Mustafa Kamel El-Sayed, a professor of political science at Cairo University, said that Egypt should use its good international relations, especially with China and Russia, to pressure the Ethiopian side. 

Chinese companies were involved in building the Renaissance Dam, and China was in charge of building the electricity network that would transfer the generated energy from the dam to other parts of Ethiopia. “So, without cooperation from China, the construction of the dam and the associated electricity projects will suffer,” El-Sayed told Arab News.

According to El-Sayed, Russia had relations of strategic importance in protecting the dam. It had provided Ethiopia with the knowledge and equipment in the nuclear field by building a nuclear power plant and reactor, which was “very significant” for any country looking to be a nuclear power as well as helping in the field of energy and armament.

He advised Egypt to inform China and Russia that their interests in the country were determined by the extent of their assistance in helping with the Ethiopian position.

“Egypt is important to China in implementing its ambitious project known as the Belt and Road Initiative, which crosses Egypt on the way to Europe. It is very beneficial to China. Russia has major investments in Egypt that exceeds its investment in Ethiopia,” El-Sayed added.


Iranian chess referee seeking asylum reveals second reason she can’t go home

Updated 22 min 1 sec ago

Iranian chess referee seeking asylum reveals second reason she can’t go home

  • Women are required to wear the hijab in public in Iran, and those who refuse can face prison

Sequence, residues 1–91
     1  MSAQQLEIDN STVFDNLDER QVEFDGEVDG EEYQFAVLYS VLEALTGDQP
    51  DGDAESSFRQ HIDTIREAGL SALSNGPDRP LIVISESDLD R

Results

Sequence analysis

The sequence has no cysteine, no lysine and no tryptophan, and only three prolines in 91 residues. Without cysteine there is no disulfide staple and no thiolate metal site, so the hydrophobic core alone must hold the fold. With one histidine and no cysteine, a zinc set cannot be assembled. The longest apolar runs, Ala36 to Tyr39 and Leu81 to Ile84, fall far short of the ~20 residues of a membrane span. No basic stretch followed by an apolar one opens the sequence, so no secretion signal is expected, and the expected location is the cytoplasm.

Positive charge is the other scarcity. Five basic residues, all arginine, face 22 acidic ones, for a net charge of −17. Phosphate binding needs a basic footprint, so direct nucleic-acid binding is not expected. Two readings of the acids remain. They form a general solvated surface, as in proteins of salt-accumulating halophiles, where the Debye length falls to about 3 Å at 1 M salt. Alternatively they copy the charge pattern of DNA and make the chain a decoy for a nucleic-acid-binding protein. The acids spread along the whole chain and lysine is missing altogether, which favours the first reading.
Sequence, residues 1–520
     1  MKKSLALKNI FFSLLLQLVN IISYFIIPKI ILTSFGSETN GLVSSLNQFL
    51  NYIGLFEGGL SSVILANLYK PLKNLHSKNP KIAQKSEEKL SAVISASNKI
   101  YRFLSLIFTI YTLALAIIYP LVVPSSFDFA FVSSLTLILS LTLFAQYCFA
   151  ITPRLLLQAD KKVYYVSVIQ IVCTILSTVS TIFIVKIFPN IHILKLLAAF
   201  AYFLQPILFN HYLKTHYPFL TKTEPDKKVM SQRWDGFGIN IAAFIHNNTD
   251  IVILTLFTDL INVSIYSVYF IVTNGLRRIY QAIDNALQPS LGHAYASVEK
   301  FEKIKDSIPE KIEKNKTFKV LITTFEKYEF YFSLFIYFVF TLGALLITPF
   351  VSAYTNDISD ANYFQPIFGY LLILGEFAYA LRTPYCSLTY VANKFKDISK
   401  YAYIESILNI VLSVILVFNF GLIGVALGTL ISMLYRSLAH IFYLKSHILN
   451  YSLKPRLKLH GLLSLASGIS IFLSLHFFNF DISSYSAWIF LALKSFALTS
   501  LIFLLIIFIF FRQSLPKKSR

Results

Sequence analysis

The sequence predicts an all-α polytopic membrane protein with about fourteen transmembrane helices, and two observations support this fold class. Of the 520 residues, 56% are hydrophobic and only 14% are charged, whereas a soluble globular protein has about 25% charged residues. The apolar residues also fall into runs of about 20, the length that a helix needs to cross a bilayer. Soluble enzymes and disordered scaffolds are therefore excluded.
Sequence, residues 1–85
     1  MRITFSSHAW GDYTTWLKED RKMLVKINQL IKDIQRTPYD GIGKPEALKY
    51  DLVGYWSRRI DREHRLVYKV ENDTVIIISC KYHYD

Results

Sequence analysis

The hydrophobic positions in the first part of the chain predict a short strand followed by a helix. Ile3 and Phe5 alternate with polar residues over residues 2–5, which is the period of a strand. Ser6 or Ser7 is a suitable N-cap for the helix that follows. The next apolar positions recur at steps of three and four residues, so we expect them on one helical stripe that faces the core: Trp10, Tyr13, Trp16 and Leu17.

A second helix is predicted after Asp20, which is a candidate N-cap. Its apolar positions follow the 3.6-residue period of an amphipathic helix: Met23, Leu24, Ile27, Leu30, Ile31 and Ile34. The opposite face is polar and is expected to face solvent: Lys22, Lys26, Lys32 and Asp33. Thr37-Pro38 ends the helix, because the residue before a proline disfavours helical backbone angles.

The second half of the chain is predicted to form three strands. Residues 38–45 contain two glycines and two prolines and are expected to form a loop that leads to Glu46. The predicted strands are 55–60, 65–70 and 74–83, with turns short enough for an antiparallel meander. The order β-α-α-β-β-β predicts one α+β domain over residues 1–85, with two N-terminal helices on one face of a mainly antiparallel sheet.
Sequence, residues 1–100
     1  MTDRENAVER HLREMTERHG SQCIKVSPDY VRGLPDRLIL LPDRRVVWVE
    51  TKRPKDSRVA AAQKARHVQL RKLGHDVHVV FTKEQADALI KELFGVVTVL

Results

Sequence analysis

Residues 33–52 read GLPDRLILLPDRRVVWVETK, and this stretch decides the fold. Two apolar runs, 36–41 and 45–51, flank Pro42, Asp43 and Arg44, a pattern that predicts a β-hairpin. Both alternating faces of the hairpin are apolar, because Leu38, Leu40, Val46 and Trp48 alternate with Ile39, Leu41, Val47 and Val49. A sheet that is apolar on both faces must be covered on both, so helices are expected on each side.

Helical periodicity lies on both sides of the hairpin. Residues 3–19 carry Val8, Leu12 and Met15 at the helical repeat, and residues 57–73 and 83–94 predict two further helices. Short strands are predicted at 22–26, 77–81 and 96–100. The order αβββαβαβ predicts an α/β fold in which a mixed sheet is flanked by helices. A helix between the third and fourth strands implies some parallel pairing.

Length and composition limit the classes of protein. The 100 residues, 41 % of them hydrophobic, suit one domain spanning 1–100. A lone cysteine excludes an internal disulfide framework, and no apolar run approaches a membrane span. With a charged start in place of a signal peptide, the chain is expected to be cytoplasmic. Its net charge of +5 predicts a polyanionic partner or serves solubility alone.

• Bayat was declared a public enemy by Iranian hard-liners after photos of her emerged from a match with her headscarf around her neck

LONDON: The Iranian chess referee forced to seek asylum in the UK after letting her hijab slip during a match in Shanghai this year has revealed another reason she may never be able to return to her country — her secret Jewish heritage.
Shohreh Bayat told The Daily Telegraph that she had to conceal her family background in her native Iran.
“If they knew I had Jewish background, I would never be general secretary of the Iranian chess federation,” Bayat told the British newspaper.
The leading referee said she had heard anti-Jewish remarks made by chess officials in Iran.
Bayat was declared a public enemy by Iranian hard-liners and received death threats after photos of her emerged from the Women’s World Chess Championship in January with her red headscarf around her neck rather than covering her head.
“All my life was about showing a fake image of myself to society because they wanted me to be an image of a religious Muslim woman, which I wasn’t,” Bayat said, speaking about the Iranian regime.
The 33-year-old said she is not a fan of the hijab, but felt she had to comply — even if that meant covering only a tiny amount of hair.
Women are required to wear the hijab in public in Iran, and those who refuse can face prison.
After being photographed at the world championship match with her hijab around her neck, Bayat said she was warned by family and friends not to return home.
“My mobile was full of messages saying: ‘Please, don’t come back, they will arrest you’,” she told the newspaper.
“I woke up the following day and saw that the (Iranian) federation removed my picture — it was like I didn’t exist,” she said.
Despite death threats, Bayat continued refereeing the second leg of the tournament in Vladivostok, ignoring calls from Iranian officials for a public apology.
At the end of January, she changed her return ticket and traveled to the UK —  the only Western country where she held a valid visa — and applied for asylum. She is waiting for her application to be processed.

Bayat's paternal grandmother was Jewish and moved to Iran from Azeraijan’s capital Baku during the Second World War. 
Last week, Bayat celebrated the Jewish New Year for the first time in her life.
“It was amazing. It was a thing I never had a chance to do,” she said.